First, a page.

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Hope and uneasiness among indigenous people ahead of Pope’s visit to Canada

#Hope #uneasiness #among #indigenous #people #ahead #Popes #visit #Canada

Pope Francis’ forthcoming visit to Canada, where he is to apologize to indigenous peoples for more than a century of abuse at church-run state schools, has raised hope but also suspicion.

AFP spoke to an Indigenous artist, a chief and a former student at one of the schools where children were suffering from a failed government policy of assimilation that cut them off from their family, language and culture.

Here is a snapshot of their views on the Pope’s trip.

– ‘Mixed feelings’ –

Elisapie Isaac, a singer-songwriter and activist originally from the far north Inuk community of Salluit, has become a voice for her people.

“I have mixed feelings about the coming of the Pope,” said the 45-year-old, who recently took to social media to appeal to Quebec’s prime minister to acknowledge “systemic racism” in the Canadian province.

“I tell myself it must be good for the survivors to feel something happening, to know it’s coming. But I also tell myself that the pious were probably the worst for the locals,” she says, adding, “It’s easy too” to come now — decades later.

“We still suffer a lot from the trauma that was passed from generation to generation,” says the artist, who now lives in Montreal and is happy that people today want to learn and understand the history of the indigenous people.

The papal visit must “highlight the people who have suffered…they are the ones who count.”

It’s high time institutions like the Catholic Church did their part, she says, because otherwise “it’s very difficult to move forward as a society and to live together, to feel balance and harmony.”

“I think we’ve had an awakening and people are listening. They want to turn to us and that’s an incredible breath of fresh air. It almost heals us. It is now up to the institutions to act.”

– “A long way” –

Wilton “Willie” Littlechild celebrated his 78th birthday on April 1, 2022 – the same day he and an Indigenous delegation met with Pope Francis in Rome, where the pope issued an apology and promised to repeat it in Canada.

“I couldn’t have asked for a better birthday present,” says Littlechild, who spent 14 years in one of the schools from the age of six.

It marked the culmination of a decade for this indigenous rights advocate in which he goaded Francis’ predecessor, Benedict XVI, and then the current pope.

During his trips to the Vatican, he urged them to come to Canada and personally apologize to the indigenous population of more than 1.6 million people – almost a third of whom identify as Roman Catholic.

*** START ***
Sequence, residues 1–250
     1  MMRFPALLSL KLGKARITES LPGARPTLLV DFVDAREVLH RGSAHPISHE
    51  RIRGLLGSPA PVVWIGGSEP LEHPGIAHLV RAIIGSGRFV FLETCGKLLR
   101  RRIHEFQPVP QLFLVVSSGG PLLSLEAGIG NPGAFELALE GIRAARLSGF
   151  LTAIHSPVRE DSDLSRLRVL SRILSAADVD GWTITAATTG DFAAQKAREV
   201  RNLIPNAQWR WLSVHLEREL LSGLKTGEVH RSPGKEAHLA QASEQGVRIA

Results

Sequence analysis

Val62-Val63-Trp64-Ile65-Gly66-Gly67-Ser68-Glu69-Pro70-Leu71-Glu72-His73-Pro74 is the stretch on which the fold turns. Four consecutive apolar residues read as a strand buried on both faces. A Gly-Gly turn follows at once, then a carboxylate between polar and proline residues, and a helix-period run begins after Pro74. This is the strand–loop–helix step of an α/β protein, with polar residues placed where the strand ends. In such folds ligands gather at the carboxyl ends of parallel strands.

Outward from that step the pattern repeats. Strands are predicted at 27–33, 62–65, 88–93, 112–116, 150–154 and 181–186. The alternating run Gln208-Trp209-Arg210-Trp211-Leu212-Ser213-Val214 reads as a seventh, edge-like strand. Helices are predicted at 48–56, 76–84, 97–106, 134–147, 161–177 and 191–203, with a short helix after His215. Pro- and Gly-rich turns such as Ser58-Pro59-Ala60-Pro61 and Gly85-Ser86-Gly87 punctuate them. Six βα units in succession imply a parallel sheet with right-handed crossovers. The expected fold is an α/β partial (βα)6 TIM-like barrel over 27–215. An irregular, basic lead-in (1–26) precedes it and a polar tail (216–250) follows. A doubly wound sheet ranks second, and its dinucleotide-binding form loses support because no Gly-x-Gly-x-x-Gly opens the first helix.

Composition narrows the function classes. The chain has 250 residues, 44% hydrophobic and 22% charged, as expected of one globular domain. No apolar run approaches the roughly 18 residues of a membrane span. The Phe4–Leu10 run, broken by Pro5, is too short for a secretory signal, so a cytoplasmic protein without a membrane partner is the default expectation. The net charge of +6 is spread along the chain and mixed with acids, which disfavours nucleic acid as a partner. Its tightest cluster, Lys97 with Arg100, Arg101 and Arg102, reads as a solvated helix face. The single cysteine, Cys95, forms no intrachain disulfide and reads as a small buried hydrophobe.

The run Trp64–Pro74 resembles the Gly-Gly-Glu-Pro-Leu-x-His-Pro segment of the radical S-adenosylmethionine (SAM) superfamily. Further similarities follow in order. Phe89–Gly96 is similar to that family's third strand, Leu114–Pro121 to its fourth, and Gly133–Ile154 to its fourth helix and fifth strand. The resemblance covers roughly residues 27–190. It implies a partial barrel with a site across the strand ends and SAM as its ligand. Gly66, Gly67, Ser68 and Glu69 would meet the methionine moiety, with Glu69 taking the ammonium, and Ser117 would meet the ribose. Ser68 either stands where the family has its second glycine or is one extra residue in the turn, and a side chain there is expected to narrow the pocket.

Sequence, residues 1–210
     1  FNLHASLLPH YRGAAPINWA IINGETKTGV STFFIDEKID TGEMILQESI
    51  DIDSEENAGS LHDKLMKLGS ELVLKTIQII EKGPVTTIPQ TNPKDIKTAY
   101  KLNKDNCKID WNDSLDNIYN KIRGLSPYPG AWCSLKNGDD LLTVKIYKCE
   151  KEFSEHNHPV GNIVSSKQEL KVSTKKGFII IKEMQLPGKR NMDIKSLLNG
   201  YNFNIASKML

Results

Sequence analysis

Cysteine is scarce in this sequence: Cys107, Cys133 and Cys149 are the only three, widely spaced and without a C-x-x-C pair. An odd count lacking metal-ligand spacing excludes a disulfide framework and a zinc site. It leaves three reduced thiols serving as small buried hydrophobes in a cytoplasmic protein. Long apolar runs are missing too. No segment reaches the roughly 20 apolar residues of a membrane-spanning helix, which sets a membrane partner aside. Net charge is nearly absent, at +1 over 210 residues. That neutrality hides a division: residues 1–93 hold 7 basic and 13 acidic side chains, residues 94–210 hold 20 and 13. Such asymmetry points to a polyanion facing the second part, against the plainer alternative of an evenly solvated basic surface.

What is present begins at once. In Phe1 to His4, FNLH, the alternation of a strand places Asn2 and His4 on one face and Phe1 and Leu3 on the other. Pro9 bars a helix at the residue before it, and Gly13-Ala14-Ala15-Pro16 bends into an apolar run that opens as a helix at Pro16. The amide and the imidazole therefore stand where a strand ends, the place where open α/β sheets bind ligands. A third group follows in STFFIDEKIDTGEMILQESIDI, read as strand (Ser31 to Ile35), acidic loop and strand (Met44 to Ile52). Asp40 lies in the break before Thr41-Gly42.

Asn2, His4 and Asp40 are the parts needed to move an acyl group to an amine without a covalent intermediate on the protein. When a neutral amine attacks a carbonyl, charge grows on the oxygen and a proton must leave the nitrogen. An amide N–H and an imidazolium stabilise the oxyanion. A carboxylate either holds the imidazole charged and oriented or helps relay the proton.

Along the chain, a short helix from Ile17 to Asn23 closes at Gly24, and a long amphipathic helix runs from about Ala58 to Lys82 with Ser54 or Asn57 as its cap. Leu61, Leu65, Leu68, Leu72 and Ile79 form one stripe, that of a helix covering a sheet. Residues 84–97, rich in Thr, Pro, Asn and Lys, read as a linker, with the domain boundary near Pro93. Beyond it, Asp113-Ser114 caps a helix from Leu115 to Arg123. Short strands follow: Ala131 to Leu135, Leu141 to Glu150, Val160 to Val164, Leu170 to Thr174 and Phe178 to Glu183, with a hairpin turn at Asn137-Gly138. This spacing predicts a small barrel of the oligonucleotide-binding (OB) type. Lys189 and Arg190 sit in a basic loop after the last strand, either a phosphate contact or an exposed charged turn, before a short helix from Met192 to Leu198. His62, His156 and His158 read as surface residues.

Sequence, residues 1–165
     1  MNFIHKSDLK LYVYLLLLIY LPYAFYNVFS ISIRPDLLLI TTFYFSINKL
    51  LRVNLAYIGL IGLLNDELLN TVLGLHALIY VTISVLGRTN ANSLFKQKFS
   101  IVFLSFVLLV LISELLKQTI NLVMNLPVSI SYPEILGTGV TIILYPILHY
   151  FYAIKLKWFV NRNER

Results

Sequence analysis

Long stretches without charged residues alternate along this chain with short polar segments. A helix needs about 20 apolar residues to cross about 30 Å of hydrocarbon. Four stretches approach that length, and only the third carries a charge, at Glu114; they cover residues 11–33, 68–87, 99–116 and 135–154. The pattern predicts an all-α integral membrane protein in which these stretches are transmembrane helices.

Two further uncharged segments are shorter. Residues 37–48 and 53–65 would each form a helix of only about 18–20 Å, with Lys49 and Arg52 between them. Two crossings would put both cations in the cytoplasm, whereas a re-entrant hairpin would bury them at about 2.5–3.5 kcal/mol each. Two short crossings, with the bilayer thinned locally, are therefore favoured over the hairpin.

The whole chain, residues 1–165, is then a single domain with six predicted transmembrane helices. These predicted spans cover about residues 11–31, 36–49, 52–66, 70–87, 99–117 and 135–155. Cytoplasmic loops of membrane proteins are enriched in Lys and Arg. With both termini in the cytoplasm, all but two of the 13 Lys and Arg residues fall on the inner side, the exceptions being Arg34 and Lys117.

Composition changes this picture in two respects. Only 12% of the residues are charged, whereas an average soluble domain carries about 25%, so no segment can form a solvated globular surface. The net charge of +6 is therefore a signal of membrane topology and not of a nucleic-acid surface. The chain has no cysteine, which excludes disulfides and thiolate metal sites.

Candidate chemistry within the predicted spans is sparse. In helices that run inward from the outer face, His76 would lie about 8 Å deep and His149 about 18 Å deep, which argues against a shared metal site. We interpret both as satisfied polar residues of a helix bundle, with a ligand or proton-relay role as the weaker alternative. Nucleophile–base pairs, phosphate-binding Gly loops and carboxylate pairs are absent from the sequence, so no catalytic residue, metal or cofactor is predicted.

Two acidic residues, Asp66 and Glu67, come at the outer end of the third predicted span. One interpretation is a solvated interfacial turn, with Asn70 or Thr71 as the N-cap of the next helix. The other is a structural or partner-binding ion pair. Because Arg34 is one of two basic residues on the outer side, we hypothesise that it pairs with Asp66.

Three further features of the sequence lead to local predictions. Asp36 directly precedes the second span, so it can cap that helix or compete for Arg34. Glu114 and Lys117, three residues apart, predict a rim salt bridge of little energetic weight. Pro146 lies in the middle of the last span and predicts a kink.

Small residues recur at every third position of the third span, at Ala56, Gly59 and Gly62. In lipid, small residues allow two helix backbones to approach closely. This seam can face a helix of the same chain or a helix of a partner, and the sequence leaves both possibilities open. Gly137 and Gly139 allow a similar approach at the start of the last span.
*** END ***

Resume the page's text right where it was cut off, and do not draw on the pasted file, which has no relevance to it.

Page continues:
“In order for us to heal … as best we can, we need an apology,” he tells AFP.

Littlechild has worked tirelessly throughout his life to advance indigenous peoples’ rights, including at the United Nations, where he worked on the UN Declaration on Indigenous Peoples’ Rights.

He wears a cowboy hat and shirt adorned with images of wolves and dream catchers. He says he survived his boarding school through studies and sports.

“Sport saved my life, hockey saved my life,” he says, recalling doing late-night runs to try to forget the abuse that often brought him to tears.

And finally he says, “I have forgiven.”

– sorry “a big deal” –

Chief Billy Morin — leader of the Enoch Cree Nation, an Indigenous community near Edmonton, Alberta of about 2,700 people — says he is “hopeful” the pope’s visit will help heal the scars left by the government’s failed policies forced assimilation through education.

“Not everyone wants the Pope to apologize. They don’t care,” he admits.

“But for many elders, it’s a moment of completion…a moment of healing, a moment of celebration, a moment of reflection.”

At 35, Morin says he’s grateful he avoided being sent to boarding school like his grandparents.

But like many of Canada’s Indigenous peoples, he has not escaped the painful legacy of the schools and points to an intergenerational trauma, often manifested in alcoholism and emotional detachment, that continues to affect his family and community.

“Our grandparents and my parents first had to learn how to be good parents again,” explains the father of four, who is just learning the Cree language of his ancestors.

The occasional churchgoer says of Francis’ visit, “That’s good…because if he didn’t, that question would always remain open.”

“It’s a big deal,” he says, adding that it’s also just “one step” on a “journey of healing.”

“We’re definitely not finished.”

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#Hope #uneasiness #among #indigenous #people #ahead #Popes #visit #Canada

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